Saturday, November 18, 2017 Elyria 51°


Little League board member let go after comments


ELYRIA — A member of the Elyria Little League East board no longer is in a leadership role after publicly questioning district support of a gay and straight alliance club at Elyria High School.

Elyria resident and parent Chris Sito said he would vote against the upcoming Elyria Schools renewal levy if the after-school student club remained. He contends the district should not allow a “sex club” at the high school.

He made the comments Saturday in a Chronicle-Telegram story.

“Chris Sito is no longer a member of the Elyria Little League Board,” said Kevin Brubaker, who resigned as president of the nonprofit sports organization on Monday.

Brubaker did not comment further.

A petition on was posted Sunday calling for Sito to be reprimanded or removed from the Little League board. Sito was in charge of fundraising and formerly worked with the girls’ softball division.

Petition drivers had hoped to garner at least 1,000 supporters. Sarah Boesger, 33, of Elyria started the effort.

The 1998 graduate of Elyria High School and mother of a toddler said she started the petition because it enraged her to know a person in the community wanted to link the club, known as Allies, with the renewal levy. Failure of Issue 2 could result in a significant loss of revenue for the district, as it accounts for $12 million in annual revenue.

“He has expressed views that are against what Little League is all about,” Boesger said. “This is not about the organization. Little League is a very inclusive organization and Mr. Sito has overstepped his boundaries in a lot of ways.”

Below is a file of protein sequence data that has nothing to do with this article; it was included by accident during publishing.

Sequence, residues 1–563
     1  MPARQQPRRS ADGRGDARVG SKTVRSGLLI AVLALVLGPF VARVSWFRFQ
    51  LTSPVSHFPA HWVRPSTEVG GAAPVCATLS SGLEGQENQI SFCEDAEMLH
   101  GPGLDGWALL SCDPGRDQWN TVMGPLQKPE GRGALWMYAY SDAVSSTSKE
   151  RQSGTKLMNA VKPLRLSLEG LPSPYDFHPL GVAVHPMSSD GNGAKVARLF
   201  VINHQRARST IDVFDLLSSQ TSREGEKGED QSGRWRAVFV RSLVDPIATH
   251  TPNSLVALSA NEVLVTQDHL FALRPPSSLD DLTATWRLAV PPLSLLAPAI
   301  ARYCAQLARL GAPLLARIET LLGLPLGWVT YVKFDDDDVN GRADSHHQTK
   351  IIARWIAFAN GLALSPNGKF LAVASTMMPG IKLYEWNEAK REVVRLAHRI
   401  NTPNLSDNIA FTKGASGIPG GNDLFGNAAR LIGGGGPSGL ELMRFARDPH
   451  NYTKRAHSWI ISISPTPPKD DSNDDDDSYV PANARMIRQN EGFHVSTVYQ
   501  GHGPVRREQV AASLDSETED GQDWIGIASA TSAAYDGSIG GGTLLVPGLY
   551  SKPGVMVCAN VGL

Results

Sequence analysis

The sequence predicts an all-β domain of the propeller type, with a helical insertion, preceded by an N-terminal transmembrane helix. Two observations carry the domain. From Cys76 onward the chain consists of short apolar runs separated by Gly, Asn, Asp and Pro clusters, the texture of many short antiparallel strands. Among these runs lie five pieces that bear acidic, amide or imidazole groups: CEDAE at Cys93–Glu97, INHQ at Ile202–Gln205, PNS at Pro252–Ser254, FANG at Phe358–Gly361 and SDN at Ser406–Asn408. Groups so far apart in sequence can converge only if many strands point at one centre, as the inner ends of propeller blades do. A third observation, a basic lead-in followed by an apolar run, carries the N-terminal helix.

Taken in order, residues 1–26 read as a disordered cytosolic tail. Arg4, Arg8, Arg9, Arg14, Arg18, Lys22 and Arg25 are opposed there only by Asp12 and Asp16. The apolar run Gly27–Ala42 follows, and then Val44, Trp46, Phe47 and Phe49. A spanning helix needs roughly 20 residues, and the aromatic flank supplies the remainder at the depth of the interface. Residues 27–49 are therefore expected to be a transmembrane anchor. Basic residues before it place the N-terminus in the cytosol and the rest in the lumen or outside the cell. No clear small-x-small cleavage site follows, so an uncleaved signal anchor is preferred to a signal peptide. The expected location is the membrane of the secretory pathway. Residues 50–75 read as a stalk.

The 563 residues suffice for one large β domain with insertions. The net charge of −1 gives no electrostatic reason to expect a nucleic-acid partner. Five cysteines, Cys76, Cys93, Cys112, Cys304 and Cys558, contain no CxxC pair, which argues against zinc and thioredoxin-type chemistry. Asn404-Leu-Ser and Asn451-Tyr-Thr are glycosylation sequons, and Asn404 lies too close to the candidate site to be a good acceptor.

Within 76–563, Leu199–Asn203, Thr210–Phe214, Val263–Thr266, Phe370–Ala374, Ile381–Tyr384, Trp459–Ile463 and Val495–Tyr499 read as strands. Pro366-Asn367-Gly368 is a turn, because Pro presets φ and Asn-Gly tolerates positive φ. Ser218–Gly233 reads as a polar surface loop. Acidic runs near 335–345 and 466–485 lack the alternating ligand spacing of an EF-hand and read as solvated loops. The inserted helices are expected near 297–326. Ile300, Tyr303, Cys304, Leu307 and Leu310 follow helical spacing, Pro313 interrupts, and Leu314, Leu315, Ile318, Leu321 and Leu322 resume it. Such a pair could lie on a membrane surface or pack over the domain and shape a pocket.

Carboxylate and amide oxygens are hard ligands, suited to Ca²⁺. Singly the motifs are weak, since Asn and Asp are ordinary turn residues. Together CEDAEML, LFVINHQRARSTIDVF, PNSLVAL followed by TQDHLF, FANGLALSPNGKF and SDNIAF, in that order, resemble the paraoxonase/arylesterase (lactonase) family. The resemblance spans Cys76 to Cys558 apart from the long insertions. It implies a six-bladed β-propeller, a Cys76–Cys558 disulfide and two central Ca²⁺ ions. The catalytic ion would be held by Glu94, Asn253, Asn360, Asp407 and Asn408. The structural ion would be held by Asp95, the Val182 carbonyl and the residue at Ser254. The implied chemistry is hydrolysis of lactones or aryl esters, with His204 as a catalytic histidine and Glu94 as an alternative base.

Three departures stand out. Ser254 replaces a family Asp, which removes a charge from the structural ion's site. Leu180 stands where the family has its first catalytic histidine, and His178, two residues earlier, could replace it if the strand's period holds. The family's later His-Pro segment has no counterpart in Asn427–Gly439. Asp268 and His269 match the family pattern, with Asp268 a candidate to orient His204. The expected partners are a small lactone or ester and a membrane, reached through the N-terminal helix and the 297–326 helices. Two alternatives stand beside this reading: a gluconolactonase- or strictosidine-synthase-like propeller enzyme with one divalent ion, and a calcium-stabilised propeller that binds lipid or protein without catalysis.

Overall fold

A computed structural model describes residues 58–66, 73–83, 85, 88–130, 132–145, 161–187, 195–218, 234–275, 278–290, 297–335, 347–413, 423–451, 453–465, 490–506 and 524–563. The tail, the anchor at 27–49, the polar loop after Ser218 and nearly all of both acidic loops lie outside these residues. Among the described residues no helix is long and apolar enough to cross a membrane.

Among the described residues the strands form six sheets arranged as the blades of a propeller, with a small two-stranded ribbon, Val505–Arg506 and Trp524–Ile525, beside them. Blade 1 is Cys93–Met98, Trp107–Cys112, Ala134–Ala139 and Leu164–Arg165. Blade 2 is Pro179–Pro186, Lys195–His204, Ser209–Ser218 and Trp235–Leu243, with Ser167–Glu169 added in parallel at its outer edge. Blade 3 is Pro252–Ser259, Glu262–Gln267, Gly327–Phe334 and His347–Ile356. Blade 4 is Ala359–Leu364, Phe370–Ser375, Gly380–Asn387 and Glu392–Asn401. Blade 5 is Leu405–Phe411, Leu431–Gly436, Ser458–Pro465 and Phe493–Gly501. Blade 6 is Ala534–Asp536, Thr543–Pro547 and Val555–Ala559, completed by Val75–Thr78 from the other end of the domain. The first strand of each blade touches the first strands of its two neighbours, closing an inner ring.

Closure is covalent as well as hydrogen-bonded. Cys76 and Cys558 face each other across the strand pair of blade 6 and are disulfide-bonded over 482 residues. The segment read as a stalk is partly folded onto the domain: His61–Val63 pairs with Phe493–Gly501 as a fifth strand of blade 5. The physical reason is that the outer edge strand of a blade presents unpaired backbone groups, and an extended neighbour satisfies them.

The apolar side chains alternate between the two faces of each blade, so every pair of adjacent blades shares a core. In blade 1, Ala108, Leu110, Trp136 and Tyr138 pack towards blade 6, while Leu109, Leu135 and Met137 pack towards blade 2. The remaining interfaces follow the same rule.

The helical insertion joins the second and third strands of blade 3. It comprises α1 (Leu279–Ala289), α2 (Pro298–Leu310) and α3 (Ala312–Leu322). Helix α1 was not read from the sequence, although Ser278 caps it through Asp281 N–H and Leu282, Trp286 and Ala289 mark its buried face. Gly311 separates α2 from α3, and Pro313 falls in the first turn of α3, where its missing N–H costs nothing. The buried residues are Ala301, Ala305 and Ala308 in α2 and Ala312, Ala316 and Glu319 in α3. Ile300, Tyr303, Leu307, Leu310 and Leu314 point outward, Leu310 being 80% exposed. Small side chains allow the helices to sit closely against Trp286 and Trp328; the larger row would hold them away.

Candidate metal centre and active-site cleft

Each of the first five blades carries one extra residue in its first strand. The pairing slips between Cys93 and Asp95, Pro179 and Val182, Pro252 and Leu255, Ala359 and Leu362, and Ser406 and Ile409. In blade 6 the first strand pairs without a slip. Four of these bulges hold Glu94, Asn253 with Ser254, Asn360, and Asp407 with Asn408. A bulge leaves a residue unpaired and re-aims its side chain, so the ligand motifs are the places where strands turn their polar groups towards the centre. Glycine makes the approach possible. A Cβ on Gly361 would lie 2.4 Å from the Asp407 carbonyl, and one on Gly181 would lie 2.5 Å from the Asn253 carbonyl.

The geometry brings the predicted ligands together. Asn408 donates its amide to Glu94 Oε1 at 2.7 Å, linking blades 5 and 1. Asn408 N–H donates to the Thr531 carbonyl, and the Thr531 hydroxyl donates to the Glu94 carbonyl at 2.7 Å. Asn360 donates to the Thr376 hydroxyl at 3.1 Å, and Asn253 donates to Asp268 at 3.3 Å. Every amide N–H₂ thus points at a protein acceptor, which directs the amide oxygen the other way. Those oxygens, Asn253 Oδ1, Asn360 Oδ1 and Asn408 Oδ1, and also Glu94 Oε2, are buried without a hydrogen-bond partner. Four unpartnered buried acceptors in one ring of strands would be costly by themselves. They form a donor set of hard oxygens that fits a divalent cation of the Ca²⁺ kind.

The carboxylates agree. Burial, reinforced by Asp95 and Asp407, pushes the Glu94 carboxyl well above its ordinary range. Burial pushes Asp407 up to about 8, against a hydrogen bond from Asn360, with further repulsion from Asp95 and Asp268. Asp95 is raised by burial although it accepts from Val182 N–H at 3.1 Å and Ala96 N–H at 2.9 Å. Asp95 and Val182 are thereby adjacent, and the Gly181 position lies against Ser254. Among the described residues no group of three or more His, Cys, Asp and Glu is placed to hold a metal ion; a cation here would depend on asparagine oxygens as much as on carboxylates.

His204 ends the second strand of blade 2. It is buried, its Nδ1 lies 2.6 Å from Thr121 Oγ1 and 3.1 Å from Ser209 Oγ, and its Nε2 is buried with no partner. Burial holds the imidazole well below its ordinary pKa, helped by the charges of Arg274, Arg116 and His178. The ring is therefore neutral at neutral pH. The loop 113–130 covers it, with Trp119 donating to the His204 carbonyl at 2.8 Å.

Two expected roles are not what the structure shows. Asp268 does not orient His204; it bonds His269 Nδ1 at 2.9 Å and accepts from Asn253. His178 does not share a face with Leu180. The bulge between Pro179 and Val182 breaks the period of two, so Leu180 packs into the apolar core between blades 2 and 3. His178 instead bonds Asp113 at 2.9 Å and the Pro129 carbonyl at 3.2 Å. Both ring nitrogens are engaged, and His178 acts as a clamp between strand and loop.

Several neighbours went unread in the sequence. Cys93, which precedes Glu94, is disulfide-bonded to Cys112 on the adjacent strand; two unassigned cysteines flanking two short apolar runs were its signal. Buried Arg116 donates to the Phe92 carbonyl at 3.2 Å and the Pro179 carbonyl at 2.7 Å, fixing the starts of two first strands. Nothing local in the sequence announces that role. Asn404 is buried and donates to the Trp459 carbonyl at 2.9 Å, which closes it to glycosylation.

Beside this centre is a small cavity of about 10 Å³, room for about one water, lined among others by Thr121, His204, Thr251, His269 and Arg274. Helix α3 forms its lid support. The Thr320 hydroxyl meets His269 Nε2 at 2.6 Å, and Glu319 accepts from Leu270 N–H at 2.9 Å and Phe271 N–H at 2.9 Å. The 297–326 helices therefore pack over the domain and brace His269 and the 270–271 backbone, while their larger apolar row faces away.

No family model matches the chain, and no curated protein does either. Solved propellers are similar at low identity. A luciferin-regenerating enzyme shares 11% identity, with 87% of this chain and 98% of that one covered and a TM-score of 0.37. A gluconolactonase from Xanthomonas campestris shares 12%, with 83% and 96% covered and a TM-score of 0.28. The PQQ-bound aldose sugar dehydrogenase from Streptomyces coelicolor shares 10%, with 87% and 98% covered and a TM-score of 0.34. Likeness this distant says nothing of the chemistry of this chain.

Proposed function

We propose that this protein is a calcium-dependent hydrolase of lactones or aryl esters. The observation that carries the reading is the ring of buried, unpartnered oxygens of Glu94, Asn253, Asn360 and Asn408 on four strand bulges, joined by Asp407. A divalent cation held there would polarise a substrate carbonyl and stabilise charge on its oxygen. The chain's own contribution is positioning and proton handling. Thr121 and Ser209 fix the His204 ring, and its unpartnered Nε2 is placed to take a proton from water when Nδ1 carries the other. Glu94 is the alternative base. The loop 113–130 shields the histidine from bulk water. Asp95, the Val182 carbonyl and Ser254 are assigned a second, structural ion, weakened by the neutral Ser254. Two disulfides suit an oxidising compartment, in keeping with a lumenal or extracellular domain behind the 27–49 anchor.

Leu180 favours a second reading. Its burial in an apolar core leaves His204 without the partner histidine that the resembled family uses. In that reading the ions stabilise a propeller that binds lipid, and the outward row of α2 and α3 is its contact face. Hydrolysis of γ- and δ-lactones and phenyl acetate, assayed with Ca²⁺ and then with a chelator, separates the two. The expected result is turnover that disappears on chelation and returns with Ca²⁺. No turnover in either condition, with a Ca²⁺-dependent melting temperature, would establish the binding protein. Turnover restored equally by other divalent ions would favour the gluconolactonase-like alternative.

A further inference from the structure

The inclusive of a gay and straight alliance at a school should not been seen as a negative thing, said Greg Donnellan, a board member for the Gay, Lesbian Straight Education Network of Northeast Ohio.

“I like to compare it to a sports club,” he said. “People join a sport because they want to know more about the sport and support the other players. Students join a GSA for the same reasons. Just like a winning sports club, a successful GSA can positively impact a school community.”

Principal Tom Jama and Superintendent Paul Rigda have said students have a right to attend the club and it is helping to encourage acceptance and tolerance in the school.

“The district should be praised because it is standing up for students, especially in this climate of school funding struggles,” Donnellan said. “Losing votes is the last thing any school district would need.”

Donnellan, 29, a middle and high school teacher in the Cleveland area, said he has seen similar groups at other Northeast Ohio schools falter under pressure, leaving students to wonder if they truly are accepted.

“Every school is different, but there are just a handful of strong GSAs in our area,” he said. “There is always a misconception on why the group needs to be formed, with some people not understanding why the club is needed at all.”

Contact Lisa Roberson at 329-7121 or Follow her on Twitter @LisaRobersonCT.

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